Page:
4. ^ "New Zealand rolls out ban on foreign national property purchases". Al Jazeera. 16 August 2018. Retrieved 16 August 2018.
  5. ^ "New Zealand passes ban on foreign home buyers into law". Reuters. 15 August 2018. Retrieved 17 August 2018.
  6. ^ a b c d e "Overseas Investment Amendment Bill 2017 (5-3) (Hon David Parker)". New Zealand Parliament. Retrieved 25 August 2018.
  7. ^ David Chaston. "Median Multiples - House price-to-income multiple". interest.co.nz.
  8. ^ Dan Satherley (1 September 2016). "No fix for housing crisis until young and renters vote - economist". Newshub.
  9. ^ Hamish Rutherford (9 May 2017). "IMF says housing bubble could unsettle strong New Zealand economy". Stuff.co.nz.
  10. ^ Patrick O'Meara (23 January 2017). "Housing in many NZ cities 'severely unaffordable'". RNZ.
  11. ^ Gibson, Anne (25 September 2017). "Election 17: Foreign restrictions, more new housing planned post-election". New Zealand Herald. Retrieved 26 August 2018.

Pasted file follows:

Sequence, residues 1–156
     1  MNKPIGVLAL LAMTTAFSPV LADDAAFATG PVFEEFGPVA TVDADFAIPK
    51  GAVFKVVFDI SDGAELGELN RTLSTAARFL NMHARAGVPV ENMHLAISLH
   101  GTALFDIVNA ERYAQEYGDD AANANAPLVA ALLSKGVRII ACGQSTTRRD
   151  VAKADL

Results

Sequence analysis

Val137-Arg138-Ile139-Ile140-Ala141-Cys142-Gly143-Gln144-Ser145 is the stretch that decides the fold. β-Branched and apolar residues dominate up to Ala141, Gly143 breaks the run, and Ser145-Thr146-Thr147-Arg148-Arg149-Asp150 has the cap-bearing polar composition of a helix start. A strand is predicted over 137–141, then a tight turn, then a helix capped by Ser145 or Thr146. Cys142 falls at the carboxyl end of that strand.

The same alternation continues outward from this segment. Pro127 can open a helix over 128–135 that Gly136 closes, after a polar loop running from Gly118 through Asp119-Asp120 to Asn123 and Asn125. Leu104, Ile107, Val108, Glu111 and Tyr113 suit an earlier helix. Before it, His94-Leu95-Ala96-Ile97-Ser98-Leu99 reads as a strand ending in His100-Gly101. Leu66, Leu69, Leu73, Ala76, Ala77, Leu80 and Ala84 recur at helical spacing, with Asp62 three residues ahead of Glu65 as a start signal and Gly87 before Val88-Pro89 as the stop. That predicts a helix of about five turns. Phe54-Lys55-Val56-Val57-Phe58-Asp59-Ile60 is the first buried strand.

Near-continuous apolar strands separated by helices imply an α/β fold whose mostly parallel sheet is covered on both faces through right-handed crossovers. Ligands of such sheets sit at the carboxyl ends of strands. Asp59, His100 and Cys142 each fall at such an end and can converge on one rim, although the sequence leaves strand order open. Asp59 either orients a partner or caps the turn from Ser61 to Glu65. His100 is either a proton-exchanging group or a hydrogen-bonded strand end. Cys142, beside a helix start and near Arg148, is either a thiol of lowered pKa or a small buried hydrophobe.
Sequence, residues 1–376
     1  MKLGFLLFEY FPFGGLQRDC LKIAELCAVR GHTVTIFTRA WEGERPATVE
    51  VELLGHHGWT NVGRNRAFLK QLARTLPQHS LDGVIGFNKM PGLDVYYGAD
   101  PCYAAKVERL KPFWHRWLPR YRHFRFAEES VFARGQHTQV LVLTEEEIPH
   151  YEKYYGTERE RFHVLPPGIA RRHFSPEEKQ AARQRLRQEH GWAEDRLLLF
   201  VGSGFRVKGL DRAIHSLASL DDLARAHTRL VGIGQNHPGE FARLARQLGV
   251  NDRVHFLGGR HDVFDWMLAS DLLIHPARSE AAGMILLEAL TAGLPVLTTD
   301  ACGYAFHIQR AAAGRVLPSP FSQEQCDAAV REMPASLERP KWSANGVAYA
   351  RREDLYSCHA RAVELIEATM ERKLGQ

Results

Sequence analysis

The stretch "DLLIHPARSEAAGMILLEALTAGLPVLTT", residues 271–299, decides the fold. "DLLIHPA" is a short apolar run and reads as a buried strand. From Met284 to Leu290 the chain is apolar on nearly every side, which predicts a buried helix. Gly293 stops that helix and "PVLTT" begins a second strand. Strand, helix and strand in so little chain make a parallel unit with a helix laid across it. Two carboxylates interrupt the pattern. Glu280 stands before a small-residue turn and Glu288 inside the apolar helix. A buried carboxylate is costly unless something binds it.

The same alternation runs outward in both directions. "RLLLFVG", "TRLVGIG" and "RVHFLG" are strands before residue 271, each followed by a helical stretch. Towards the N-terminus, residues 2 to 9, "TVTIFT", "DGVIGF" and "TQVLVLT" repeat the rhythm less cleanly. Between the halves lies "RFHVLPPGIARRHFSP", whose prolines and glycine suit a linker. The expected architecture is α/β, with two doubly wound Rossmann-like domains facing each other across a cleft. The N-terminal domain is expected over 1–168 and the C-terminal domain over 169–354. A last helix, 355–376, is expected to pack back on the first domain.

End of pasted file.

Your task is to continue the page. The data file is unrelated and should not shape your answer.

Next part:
12. ^ "Our plan to start fixing the housing crisis". New Zealand Labour Party. Retrieved 26 August 2018.
  13. ^ Chapman, Grant (19 October 2017). "Full video: NZ First leader Winston Peters announces next Government". Newshub. Retrieved 19 October 2017.
  14. ^ Hurley, Emma (19 October 2017). "An 'historic moment' for the Green Party – James Shaw". Newshub. Retrieved 19 October 2017.
  15. ^ "Overseas Investment Amendment Bill — Second Reading". New Zealand Parliament. Retrieved 26 August 2018.
  16. ^ "Overseas Investment Amendment Bill — Third Reading". New Zealand Parliament. Retrieved 26 August 2018.

Further reading[edit]